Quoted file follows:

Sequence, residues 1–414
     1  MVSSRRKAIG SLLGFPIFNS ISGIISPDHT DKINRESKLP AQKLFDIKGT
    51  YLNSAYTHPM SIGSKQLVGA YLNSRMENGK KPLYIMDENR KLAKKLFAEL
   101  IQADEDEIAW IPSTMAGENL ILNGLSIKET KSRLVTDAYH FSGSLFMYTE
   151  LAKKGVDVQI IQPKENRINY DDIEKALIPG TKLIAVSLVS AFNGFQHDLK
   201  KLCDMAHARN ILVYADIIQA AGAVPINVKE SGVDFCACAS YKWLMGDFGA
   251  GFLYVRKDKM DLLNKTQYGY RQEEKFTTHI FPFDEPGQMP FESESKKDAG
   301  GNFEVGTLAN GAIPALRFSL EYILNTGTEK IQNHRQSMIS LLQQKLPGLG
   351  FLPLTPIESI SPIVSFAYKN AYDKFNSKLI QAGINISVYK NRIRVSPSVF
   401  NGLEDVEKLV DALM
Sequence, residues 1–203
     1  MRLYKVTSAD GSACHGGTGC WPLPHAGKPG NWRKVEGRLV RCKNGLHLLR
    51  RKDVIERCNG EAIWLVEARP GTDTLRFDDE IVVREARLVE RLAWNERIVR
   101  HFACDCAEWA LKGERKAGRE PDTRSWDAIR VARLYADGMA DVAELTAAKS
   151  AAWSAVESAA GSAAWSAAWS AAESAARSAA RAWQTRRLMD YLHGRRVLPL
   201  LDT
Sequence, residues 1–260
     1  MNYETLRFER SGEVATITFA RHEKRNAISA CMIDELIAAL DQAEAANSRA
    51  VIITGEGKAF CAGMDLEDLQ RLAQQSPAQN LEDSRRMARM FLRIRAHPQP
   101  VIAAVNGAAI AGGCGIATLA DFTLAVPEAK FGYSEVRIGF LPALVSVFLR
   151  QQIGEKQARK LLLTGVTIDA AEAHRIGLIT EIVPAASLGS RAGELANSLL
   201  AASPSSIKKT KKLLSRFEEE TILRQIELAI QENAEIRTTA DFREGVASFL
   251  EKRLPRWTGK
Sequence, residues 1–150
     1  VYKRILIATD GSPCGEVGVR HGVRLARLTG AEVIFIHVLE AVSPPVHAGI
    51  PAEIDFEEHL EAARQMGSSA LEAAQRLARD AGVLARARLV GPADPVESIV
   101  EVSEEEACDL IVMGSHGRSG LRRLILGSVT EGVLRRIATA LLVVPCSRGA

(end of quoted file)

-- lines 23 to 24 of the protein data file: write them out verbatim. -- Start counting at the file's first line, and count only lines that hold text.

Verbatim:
   251  EKRLPRWTGK
Sequence, residues 1–150